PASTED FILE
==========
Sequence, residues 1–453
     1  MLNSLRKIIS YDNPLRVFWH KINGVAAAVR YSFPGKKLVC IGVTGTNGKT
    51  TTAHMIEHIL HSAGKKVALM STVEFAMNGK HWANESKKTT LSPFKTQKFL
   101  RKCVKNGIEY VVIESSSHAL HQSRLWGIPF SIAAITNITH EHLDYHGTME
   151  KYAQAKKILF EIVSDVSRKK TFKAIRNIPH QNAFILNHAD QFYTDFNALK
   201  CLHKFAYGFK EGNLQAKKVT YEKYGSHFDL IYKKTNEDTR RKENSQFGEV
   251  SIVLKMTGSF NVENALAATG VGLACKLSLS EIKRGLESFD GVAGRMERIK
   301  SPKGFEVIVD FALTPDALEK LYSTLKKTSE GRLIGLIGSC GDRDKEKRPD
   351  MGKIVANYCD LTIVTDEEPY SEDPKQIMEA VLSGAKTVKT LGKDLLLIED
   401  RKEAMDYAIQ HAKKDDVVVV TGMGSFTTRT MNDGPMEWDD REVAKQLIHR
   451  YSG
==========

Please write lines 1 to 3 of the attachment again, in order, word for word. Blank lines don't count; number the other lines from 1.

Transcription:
Sequence, residues 1–453
     1  MLNSLRKIIS YDNPLRVFWH KINGVAAAVR YSFPGKKLVC IGVTGTNGKT
    51  TTAHMIEHIL HSAGKKVALM STVEFAMNGK HWANESKKTT LSPFKTQKFL